Wearable activity tracker Fitbit is being accused by its rival Jawbone of stealing trade secrets, Bloomberg reports.
The two companies have been caught up in legal battles since May 2015, when Jawbone sued Fitbit for stealing employees and critical proprietary information.
The Justice Department and Department of Homeland Security have been conducting a grand jury probe of Fitbit for more than five months, according to Jawbone's Feb. 1 filing in San Francisco state court.
"The evidence developed to date in this litigation confirms a conspiracy by Fitbit and the individual defendants to steal Jawbone's coveted trade secrets and to use them to enhance Fitbit's position in the marketplace, in clear violation of California law," Jawbone said in last week's filing as reported by Bloomberg.
A decade after it was founded by then 22-year-old Sophia Amoruso in 2006, Nasty Gal filed for bankruptcy in November.
"Filing for bankruptcy is actually the most responsible decision for the business," Amoruso said at an event in Sydney, Australia when the news broke, the Independent reported.
The trendy fashion retailer had been through some tumultuous times in recent years. Amoruso stepped down as CEO in 2015. In her absence, the retailer laid off employees and former workers complained of a toxic environment.
After declaring bankruptcy, the retailer announced it would close 154 stores in the US and Canada.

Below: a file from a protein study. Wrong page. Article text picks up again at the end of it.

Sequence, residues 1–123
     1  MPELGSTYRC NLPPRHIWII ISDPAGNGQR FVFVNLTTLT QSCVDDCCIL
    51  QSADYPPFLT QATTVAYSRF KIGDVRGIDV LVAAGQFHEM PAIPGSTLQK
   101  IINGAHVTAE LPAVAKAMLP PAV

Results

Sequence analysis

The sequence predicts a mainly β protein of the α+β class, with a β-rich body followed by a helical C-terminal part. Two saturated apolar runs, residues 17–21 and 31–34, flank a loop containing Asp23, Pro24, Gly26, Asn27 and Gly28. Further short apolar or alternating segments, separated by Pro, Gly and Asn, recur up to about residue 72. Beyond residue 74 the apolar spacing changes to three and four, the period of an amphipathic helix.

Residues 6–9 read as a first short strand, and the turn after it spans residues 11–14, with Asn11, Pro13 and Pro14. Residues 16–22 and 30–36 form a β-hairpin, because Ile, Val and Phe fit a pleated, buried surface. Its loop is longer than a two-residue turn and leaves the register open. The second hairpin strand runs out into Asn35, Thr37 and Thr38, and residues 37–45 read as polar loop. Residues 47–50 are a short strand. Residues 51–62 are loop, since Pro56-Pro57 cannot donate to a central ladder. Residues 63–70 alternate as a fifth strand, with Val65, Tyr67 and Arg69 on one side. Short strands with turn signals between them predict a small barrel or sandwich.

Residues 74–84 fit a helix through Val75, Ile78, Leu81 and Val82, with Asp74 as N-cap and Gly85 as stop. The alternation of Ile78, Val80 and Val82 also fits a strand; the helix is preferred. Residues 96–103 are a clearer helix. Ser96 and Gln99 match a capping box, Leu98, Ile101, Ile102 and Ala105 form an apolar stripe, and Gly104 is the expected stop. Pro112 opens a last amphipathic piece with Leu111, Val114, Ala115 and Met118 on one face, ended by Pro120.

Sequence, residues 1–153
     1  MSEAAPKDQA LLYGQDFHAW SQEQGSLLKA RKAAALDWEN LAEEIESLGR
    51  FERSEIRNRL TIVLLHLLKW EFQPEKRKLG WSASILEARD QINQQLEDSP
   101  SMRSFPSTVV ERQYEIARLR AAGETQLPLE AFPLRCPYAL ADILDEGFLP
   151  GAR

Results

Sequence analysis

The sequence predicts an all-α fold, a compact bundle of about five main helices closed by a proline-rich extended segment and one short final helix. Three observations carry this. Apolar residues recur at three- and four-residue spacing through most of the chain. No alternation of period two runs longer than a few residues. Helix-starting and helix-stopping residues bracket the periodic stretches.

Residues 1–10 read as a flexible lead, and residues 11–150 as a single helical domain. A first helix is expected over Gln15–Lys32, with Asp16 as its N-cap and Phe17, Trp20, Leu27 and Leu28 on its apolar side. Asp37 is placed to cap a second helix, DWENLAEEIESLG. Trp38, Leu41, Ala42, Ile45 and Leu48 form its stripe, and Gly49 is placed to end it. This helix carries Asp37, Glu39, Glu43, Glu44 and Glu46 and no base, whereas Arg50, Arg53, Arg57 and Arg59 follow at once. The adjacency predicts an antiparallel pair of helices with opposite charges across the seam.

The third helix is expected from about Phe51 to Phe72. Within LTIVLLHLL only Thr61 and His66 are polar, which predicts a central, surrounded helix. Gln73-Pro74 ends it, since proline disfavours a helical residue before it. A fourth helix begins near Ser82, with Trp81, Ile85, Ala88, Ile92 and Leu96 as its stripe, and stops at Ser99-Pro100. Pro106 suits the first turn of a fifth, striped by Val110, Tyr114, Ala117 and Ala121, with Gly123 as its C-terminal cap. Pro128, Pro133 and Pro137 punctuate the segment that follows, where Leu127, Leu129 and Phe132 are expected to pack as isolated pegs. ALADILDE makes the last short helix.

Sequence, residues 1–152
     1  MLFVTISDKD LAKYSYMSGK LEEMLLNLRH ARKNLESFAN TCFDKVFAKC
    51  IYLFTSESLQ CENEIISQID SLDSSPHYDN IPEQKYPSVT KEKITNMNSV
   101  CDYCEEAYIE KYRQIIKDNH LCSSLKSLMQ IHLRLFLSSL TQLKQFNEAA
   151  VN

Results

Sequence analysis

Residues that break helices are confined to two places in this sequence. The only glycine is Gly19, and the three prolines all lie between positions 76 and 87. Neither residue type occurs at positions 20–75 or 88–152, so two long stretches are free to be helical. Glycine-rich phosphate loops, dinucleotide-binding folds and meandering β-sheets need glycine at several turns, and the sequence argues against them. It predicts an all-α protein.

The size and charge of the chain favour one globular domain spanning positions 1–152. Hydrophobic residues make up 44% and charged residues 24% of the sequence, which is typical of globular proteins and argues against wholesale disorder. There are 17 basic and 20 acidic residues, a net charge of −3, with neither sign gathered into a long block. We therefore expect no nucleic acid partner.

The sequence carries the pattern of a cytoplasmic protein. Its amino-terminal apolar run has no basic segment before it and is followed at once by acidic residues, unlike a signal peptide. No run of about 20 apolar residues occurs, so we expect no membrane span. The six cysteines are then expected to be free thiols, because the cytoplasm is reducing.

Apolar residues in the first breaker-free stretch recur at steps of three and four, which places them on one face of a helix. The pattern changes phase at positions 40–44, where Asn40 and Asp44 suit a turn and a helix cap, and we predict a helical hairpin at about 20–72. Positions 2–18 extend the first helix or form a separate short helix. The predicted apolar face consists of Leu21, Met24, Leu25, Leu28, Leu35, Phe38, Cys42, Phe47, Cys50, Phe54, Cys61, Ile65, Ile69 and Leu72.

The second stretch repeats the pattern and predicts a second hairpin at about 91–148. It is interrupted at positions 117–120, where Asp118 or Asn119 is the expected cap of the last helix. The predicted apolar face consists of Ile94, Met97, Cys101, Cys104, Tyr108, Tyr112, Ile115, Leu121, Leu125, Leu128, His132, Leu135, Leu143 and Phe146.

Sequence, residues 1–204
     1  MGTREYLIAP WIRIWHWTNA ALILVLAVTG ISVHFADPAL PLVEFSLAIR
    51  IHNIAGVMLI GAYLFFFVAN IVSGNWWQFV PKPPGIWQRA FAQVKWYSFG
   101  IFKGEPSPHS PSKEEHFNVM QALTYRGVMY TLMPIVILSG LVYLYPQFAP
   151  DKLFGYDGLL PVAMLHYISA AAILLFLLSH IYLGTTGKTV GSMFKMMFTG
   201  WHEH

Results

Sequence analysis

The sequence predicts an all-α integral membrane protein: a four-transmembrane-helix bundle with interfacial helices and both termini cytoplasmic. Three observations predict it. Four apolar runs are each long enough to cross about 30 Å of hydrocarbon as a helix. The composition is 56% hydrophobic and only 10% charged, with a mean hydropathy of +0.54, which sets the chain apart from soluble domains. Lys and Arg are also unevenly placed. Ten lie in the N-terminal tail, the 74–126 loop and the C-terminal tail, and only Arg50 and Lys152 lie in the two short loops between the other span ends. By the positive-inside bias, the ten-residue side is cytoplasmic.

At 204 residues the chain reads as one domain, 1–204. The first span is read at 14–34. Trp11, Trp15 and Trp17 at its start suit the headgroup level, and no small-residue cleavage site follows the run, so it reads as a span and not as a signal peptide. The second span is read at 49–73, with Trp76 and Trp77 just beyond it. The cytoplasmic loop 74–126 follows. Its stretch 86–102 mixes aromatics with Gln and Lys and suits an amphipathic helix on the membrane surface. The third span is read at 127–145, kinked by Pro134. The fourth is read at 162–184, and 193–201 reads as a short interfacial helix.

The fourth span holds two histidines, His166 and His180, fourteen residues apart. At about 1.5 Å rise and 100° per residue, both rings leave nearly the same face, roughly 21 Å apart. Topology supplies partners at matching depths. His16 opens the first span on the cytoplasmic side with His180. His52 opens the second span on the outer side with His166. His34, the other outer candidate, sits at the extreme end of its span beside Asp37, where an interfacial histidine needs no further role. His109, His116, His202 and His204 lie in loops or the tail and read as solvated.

"Back in the day, all of the cool kids had trendy brand names plastered across the front (or back) of their clothing. The trend has changed, and style today, perhaps encouraged by social media, embraces individualism and uniqueness," wrote Nicholas Rossolillo in finance publication The Motley Fool. "Online ordering and heavy discounting have also taken a toll on the industry, especially mall-based retailers. Aeropostale simply hasn't been able to adapt."
Kate Spade's sales have suffered in 2016 as tourists' visits declined and discounting grew more popular, making it harder to sell items at full-price.
"We have become increasingly frustrated by management's inability to achieve profit margins comparable to industry peers," Caerus' founder, Ward Davis, and managing partner, Brian Agnew, wrote.
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Fitbit is trying to get the suit dismissed, claiming that there is no evidence that the files Jawbone says were taken by its ex-employees were ever downloaded to or accessed on Fitbit's systems. There is another hearing set for Feb. 15.
Shares of Fitbit had a rough 2016, tumbling by 75% amid an increasingly competitive market for wearable devices. In November, the company slashed its earnings-per-share guidance for the holiday quarter to just a quarter of what analysts had been expecting.
The company has also suffered a tough start to this year, after reporting fourth-quarter results on January 30 that were well below previous estimates, in addition to slashing its guidance for the vital holiday quarter. FitBit said it sold 6.5 million devices in the fourth quarter, and that revenue would come in at $572 million to $580 million, well below its previous guidance range of $725 million to $750 million.